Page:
Featured Research

from universities, journals, and other organizations

DNA Vaccines That Home In On DCs Are More Potent

Date:
March 10, 2008
Source:
Journal of Clinical Investigation
Summary:
One strategy being pursued to develop new vaccines against infectious diseases is DNA vaccination. The idea is that following administration of a DNA vaccine, the body converts the information in the DNA vaccine into a protein that activates an immune response. Current DNA vaccines induce relatively weak immune responses. However, new data, generated in mice, has now identified a way to make DNA vaccines more potent.

One strategy being pursued to develop new vaccines against infectious diseases is DNA vaccination. The idea is that following administration of a DNA vaccine, the body converts the information in the DNA vaccine into a protein that activates an immune response.

Related Articles


However, current DNA vaccines induce relatively weak immune responses even if administered multiple times. New data, generated in mice, by Ralph Steinman and colleagues, at the Rockefeller University, New York, has now identified a way to make DNA vaccines more potent.

In the study, mice were administered a DNA vaccine that included the information to make a single protein comprised of the HIV protein gp41 fused to a single-chain Fv antibody specific for DEC205. DEC205 is expressed by immune cells known as DCs, which show proteins from infectious organisms to immune cells known as T cells that then attack the infectious organism.

The authors found that the single-chain Fv antibody specific for DEC205 targeted the protein made from the information in the DNA vaccine to DCs, such that it was expressed exclusively in DCs. Furthermore, this DNA vaccine induced a much stronger T cell response than DNA vaccines including information to make the HIV protein gp41 fused to an irrelevant single-chain Fv antibody, and it protected mice more efficiently from a virus engineered to express the HIV protein gp41.

These data led to the suggestion that DNA vaccines might be more potent if the information they contain generates a protein that is targeted to DCs, for example by fusion to a single-chain Fv antibody specific for a DC surface molecule.

Journal reference: The efficacy of DNA vaccination is enhanced in mice by targeting the encoded protein to dendritic cells. Journal of Clinical Investigation. March 2008.


Story Source:

The above story is based on materials provided by Journal of Clinical Investigation. Note: Materials may be edited for content and length.


Cite This Page:

Journal of Clinical Investigation. "DNA Vaccines That Home In On DCs Are More Potent." ScienceDaily. ScienceDaily, 10 March 2008. <www.sciencedaily.com/releases/2008/03/080306202735.htm>.
Journal of Clinical Investigation. (2008, March 10). DNA Vaccines That Home In On DCs Are More Potent. ScienceDaily. Retrieved November 29, 2014 from www.sciencedaily.com/releases/2008/03/080306202735.htm
Journal of Clinical Investigation. "DNA Vaccines That Home In On DCs Are More Potent." ScienceDaily. www.sciencedaily.com/releases/2008/03/080306202735.htm (accessed November 29, 2014).

Share This


More From ScienceDaily



More Health & Medicine News

Saturday, November 29, 2014

Featured Research

from universities, journals, and other organizations


Featured Videos

from AP, Reuters, AFP, and other news services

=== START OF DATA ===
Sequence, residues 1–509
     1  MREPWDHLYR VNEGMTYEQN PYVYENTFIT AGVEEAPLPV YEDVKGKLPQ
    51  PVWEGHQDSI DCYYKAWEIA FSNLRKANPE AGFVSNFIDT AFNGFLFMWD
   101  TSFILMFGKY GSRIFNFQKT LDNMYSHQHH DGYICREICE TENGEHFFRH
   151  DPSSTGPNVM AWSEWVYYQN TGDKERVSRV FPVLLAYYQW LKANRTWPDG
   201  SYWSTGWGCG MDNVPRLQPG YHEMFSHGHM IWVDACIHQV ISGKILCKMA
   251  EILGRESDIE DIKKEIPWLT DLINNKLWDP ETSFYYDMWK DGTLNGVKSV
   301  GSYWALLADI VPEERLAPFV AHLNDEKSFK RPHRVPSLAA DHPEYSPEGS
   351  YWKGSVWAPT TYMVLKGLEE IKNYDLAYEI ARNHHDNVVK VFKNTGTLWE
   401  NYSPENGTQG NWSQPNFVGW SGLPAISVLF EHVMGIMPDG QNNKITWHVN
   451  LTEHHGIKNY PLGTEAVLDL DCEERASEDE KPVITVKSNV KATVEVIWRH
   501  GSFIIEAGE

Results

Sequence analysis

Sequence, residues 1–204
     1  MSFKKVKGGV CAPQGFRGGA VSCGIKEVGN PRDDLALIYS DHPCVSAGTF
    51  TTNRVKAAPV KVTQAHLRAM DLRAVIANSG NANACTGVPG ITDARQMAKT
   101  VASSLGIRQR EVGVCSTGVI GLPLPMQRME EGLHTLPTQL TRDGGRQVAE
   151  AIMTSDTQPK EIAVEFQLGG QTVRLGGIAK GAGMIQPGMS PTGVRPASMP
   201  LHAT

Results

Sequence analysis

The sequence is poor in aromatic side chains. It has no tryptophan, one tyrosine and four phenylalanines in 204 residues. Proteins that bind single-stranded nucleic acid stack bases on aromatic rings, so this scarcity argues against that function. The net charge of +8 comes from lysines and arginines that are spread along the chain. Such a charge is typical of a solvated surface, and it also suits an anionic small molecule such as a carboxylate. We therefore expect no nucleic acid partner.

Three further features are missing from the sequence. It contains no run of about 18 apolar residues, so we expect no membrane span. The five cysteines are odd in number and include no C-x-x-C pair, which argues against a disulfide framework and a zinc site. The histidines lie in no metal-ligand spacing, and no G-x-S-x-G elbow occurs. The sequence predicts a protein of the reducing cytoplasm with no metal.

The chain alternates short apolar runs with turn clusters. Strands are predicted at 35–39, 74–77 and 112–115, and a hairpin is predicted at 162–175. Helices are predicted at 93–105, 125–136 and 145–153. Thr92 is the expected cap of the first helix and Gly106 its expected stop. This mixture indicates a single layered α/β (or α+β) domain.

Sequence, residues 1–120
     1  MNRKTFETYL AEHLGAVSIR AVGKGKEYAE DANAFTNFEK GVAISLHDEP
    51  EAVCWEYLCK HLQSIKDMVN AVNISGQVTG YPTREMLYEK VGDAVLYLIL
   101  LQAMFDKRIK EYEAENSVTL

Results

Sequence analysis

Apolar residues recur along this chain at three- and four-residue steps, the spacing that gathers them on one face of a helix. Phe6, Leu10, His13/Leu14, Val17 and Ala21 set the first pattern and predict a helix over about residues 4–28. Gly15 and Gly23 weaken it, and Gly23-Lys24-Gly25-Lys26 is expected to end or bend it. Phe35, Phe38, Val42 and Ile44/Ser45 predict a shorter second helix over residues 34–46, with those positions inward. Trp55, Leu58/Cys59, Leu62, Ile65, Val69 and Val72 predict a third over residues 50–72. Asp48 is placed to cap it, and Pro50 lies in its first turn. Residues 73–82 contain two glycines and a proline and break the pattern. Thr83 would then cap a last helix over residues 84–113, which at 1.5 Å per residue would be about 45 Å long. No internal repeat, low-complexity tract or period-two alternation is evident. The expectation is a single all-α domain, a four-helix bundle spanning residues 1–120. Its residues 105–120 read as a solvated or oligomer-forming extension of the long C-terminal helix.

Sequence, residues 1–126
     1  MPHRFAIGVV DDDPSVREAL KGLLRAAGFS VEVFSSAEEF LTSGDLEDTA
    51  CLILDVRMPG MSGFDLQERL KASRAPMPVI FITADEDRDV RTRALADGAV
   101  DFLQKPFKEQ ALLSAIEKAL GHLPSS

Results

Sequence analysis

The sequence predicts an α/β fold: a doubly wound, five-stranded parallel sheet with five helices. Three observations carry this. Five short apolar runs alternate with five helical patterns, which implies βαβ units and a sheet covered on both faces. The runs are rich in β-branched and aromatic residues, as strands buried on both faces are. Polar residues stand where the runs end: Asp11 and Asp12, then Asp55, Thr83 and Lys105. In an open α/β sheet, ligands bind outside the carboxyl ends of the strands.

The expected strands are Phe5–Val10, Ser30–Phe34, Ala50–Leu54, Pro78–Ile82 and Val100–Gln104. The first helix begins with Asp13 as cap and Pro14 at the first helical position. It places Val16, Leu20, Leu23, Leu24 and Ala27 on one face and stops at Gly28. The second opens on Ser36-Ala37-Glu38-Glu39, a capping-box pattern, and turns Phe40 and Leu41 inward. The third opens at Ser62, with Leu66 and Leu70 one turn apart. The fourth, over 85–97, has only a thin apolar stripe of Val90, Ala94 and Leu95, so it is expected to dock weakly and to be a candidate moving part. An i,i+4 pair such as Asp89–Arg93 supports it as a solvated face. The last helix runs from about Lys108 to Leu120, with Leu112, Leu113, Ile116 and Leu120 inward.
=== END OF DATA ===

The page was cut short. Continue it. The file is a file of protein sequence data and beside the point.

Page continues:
Rural India's Low-Cost Sanitary Pad Revolution

Rural India's Low-Cost Sanitary Pad Revolution

AFP (Nov. 28, 2014) — One man hopes his invention -– a machine that produces cheap sanitary pads –- will help empower Indian women. Duration: 01:51 Video provided by AFP
Powered by NewsLook.com
Research on Bats Could Help Develop Drugs Against Ebola

Research on Bats Could Help Develop Drugs Against Ebola

AFP (Nov. 28, 2014) — In Africa's only biosafety level 4 laboratory, scientists have been carrying out experiments on bats to understand how virus like Ebola are being transmitted, and how some of them resist to it. Duration: 01:18 Video provided by AFP
Powered by NewsLook.com
WHO Says Male Ebola Survivors Should Abstain From Sex

WHO Says Male Ebola Survivors Should Abstain From Sex

Newsy (Nov. 28, 2014) — WHO cites four studies that say Ebola can still be detected in semen up to 82 days after the onset of symptoms. Video provided by Newsy
Powered by NewsLook.com
Ebola Leaves Orphans Alone in Sierra Leone

Ebola Leaves Orphans Alone in Sierra Leone

AFP (Nov. 27, 2014) — The Ebola epidemic sweeping Sierra Leone is having a profound effect on the country's children, many of whom have been left without any family members to support them. Duration: 01:02 Video provided by AFP
Powered by NewsLook.com

Search ScienceDaily

Number of stories in archives: 140,361

Find with keyword(s):
 
Enter a keyword or phrase to search ScienceDaily for related topics and research stories.

Save/Print:
Share:  

Breaking News:

Strange & Offbeat Stories

 

Health & Medicine

Mind & Brain

Living & Well

In Other News

... from NewsDaily.com

Science News

Health News

Environment News

Technology News



Save/Print:
Share:  

Free Subscriptions


Get the latest science news with ScienceDaily's free email newsletters, updated daily and weekly. Or view hourly updated newsfeeds in your RSS reader:

Get Social & Mobile


Keep up to date with the latest news from ScienceDaily via social networks and mobile apps:

Have Feedback?


Tell us what you think of ScienceDaily -- we welcome both positive and negative comments. Have any problems using the site? Questions?
Mobile iPhone Android Web
Follow Facebook Twitter Google+
Subscribe RSS Feeds Email Newsletters
Latest Headlines Health & Medicine Mind & Brain Space & Time Matter & Energy Computers & Math Plants & Animals Earth & Climate Fossils & Ruins